Embalming is the process of preserving a body to defer the natural breakdown of cells, which begins when you pass away. It’s a funeral practice that has been performed for thousands of years. It can help renew the deceased person’s appearance, leaving a lasting imprint of wellness rather than illness. The embalmed body may be laid out in a church, in an open coffin at home, or at a funeral home’s chapel.
While this process allows mourning families to spend a bit more time with their deceased loved one, it can be expensive. In most cases, embalming is not required by law, and you should consider options to reduce the cost.
Direct Burial or Direct Cremation
If you choose direct cremation or direct burial, you can likely remove embalming altogether. A funeral home’s most economical option is typically a direct burial. This means there’s no visitation. A direct cremation is usually the same, but the body is cremated (burned) rather than buried.
Explore Other Types of Funerals
Funerals are unique to each person who died. Depending on your culture, religious beliefs, race, or financial situation, one kind of funeral may be more preferable than another.
Green Funeral: Eco-friendly funerals are trending up. Depending on the chosen style, a green funeral can save families hundreds, even thousands, of dollars on funeral expenses. Biodegradable caskets are usually a lot cheaper than traditional caskets. If you’re interested, the Green Burial Council has a list of vendors with green burial-certified products that can be utilized for your final arrangements.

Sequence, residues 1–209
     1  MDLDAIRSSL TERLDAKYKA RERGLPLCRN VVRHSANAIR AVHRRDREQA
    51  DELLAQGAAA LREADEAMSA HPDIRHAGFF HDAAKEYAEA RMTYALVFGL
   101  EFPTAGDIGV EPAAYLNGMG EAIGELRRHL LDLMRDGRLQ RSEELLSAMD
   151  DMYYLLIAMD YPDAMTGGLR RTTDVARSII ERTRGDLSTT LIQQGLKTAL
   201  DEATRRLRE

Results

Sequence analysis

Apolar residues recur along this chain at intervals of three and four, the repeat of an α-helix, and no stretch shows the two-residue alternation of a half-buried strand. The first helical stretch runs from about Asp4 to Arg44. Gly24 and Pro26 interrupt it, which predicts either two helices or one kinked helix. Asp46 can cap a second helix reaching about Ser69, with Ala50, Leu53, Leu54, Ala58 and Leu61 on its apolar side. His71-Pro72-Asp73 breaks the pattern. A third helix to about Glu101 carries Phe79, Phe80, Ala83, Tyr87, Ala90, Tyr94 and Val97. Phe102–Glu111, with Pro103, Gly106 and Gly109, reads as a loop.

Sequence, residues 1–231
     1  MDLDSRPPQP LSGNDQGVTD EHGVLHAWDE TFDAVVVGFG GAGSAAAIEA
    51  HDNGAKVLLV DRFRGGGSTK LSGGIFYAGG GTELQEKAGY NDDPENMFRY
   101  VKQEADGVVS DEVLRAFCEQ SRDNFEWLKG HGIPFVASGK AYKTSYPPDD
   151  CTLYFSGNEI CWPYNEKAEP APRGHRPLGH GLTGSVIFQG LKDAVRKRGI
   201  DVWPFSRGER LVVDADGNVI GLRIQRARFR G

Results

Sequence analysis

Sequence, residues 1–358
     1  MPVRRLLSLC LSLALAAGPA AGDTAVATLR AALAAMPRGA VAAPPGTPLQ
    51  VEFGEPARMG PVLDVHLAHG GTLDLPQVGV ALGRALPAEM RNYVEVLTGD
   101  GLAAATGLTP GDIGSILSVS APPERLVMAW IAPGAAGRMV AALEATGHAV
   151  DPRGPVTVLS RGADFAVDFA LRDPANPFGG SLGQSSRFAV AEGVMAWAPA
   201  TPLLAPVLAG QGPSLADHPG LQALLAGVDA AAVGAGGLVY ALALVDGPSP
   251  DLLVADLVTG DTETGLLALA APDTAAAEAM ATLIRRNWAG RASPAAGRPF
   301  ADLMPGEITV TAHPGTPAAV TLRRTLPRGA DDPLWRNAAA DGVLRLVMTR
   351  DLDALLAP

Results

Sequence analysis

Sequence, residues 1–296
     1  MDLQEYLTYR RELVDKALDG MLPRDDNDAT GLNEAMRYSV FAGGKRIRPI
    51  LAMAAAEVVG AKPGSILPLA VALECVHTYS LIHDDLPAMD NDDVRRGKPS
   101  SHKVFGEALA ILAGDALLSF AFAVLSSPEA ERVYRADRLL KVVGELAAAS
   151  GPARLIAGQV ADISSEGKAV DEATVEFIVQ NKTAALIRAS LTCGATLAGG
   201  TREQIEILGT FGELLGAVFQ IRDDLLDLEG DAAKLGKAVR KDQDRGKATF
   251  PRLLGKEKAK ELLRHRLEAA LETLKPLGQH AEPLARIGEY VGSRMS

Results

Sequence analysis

Military Funeral: Military veterans are eligible for a free burial in a national cemetery and a grave marker if they fulfill certain requirements. Veterans’ spouses and dependents also qualify for a plot and marker in a national cemetery. If the individual who passed was either an active or retired veteran, the surviving family members are authorized for many benefits.
Military funerals can cost families thousands of dollars less, but you should call your local VA office for a complete list of discounts and benefits.
Horse and Carriage Funeral: It’s not available in every state, but a horse-drawn funeral is a special alternative to a standard hearse. It also gives families an additional style and beauty. Providers normally offer black or white horses and decorations in your chosen color. The cost of a horse and carriage will be higher and is typically charged by the hour.
Life Insurance Benefits Can Help
Life insurance is one of the most effective and reliable ways to cover the cost of the final arrangements. Specifically, final expense insurance is intended to help cover any end-of-life costs, like burial expenses or medical bills.
Final expense insurance is particularly common among seniors because it centers on protecting surviving loved ones from enduring financial overload when they pass away. To learn more about how life insurance benefits can help you, contact Final Expense Direct today.
Contact Final Expense Direct Today
Final Expense Direct is the largest agency providing insurance right over the phone. Let us help you find the coverage you need and the peace of mind you deserve. Call 1 (877) 674-0236 today!